There's a fairytale island village plus awe-inspiring châteaux on this 3-day tour from Paris. It's a chance to immerse yourself in the charms of western France — Normandy, Mont Saint-Michel, and the splendor of the châteaux of the Loire Valley, known as the Valley of 1,000 Castles.
Over the course of the three relaxing days, while someone else takes care of the details, you see and learn first-hand the history of France from Roman, medieval, and Renaissance eras. When you arrive in the charming French countryside you'll find out for yourself why Normandy and the Loire Valley are two of the most visited destinations in France.
On your stops in the Loire Valley you'll discover the world's largest collection of medieval tapestries at the Château d'Angers and the 1491 wedding trousseau of Anne of Brittany at Château de Langeais. You pay a visit to Leonardo Da Vinci's final residence and the museum dedicated to his inventive machines at the Clos Lucé in the Loire Valley. Then there area the spectacular Renaissance gardens of Château de Villandry.
The best part of this tour package is that all the details have been arranged, giving you a relaxing, rejuvenating time in France.
Leave Paris and drive through the rolling countryside of Normandy to arrive in time for lunch in Mont Saint-Michel. There you take a guided tour to learn the fascinating 1,000-year history of the craggy island. Then, head over to the Loire Valley to spend the night in the charming university town of Angers .
Leave Angers and pass through Saumur, famous for its sparkling wines, wild mushrooms, and fine horse riders. Stop in at Château de Langeais for a guided tour. You'll have lunch and time to explore in the bustling small town of Amboise. Spend the afternoon visiting Clos Lucé, Leonardo da Vinci's last residence and then the dazzling gardens at Château de Villandry. The day ends in the historic city of Tours.
After breakfast take a guided tour of the most romantic castle of the Loire valley, the Château de Chenonceau. Lunch is served in Cheverny at Hotel Saint-Hubert before your last castle visit at the magnificent Château de Chambord. Leave Chambord late in the afternoon and reach Paris in time for dinner.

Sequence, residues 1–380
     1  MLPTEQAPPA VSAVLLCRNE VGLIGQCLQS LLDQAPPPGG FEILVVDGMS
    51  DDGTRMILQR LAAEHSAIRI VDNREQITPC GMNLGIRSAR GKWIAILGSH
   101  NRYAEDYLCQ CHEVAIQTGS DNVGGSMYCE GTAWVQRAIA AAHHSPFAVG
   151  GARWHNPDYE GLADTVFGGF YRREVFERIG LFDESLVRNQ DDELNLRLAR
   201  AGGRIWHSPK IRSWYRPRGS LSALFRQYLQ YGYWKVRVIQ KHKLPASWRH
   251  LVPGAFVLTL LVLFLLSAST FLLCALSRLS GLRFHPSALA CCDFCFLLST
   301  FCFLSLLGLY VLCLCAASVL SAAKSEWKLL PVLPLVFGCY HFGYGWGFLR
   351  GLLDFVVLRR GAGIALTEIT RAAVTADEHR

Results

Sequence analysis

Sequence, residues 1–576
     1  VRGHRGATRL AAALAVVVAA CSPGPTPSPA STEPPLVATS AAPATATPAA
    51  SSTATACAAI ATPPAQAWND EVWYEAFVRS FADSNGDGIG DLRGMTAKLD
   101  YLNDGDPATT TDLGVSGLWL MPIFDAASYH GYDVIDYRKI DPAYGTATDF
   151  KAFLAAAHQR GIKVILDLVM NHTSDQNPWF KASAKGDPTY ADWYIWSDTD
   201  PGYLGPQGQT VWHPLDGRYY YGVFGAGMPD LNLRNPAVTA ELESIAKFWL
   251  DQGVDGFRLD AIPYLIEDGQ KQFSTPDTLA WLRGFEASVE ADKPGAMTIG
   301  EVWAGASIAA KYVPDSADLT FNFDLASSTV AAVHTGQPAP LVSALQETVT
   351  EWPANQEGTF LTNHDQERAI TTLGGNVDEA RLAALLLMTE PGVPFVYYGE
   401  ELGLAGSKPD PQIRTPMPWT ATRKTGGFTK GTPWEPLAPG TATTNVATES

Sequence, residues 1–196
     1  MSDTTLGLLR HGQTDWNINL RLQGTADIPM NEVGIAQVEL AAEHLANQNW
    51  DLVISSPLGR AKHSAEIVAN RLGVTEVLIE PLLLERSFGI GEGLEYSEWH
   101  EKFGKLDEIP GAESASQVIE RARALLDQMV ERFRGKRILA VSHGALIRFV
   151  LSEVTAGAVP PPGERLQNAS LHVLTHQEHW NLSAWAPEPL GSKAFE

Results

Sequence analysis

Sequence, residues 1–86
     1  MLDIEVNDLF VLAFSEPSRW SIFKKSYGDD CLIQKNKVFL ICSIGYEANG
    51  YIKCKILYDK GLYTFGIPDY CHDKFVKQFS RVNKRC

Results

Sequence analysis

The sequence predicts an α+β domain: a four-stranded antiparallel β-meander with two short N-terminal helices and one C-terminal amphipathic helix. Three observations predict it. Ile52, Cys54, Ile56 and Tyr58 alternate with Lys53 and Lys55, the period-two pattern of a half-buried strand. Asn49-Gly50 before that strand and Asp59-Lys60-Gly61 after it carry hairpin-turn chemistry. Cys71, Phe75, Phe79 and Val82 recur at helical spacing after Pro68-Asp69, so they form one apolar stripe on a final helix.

Transportation in a luxury air-conditioned coach, all entrance fees, professionally guided tours, two nights accommodation in 3-Star hotels, and most meals.
Originally built by the Romans as a fortress due to its strategic defensive location, it was the Counts of Anjou who expanded Château d'Angers to its current impressive size in the 9th century. Seventeen huge drum towers protect the outer walls,. Inside the Château d'Angers is its star attraction, the 14th-century Apocalypse Tapestry and the largest collection of medieval tapestries in the world.
Built for Louis XI in the middle of the 14th-century, this medieval castle rises high above the river and is one of the only châteaux still furnished in original period pieces.
Among the treasures of Château de Langeais is the wedding trousseau brought by the 14-year-old Anne of Brittany when she married the dwarf-sized, hunchbacked Charles VIII in December 1491. From the castle tower you can see the bustling town below and the rolling countryside beyond.
We love the château, but we are absolutely amazed by the restored Renaissance gardens where ten gardeners work full time to plant 60,000 vegetables and bedding plants each year to fill the kitchen garden and the ornamental flower garden.
The gardens of Château de Villandry are built on three levels. There's a water garden, framed by ancient lime trees; a flower garden at the château level; and below, the world's largest ornamental kitchen garden.
Stretching across the River Cher, many consider Château de Chenonceau to be the loveliest in the Loire Valley. This pure Renaissance building was a favorite of Catherine de Medici. Once she evicted her rival Diane Poitiers (her husband's mistress) Catherine added the elegant gallery to the bridge plus a formal garden.
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Château de Chambord is largest of the château in the Loire Valley and was inspired by the passions of the young King François I — namely hunting game and chasing women. François enclosed the surrounding forest with 20 miles of 8-ft high fencing to keep both of his prey close at hand. His son, Henri II, continued to add to the château with a chapel. Leonardo Da Vinci is said to have designed the innovative double staircase of Château de Chambord.
• 2 Days In The Loire Valley…
• Normandy & Mont St-Michel…
• 2 Days In The Heart of France…
• 3-Day Mont St-Michel & Loire…
• 4 Days In The Heart of France…
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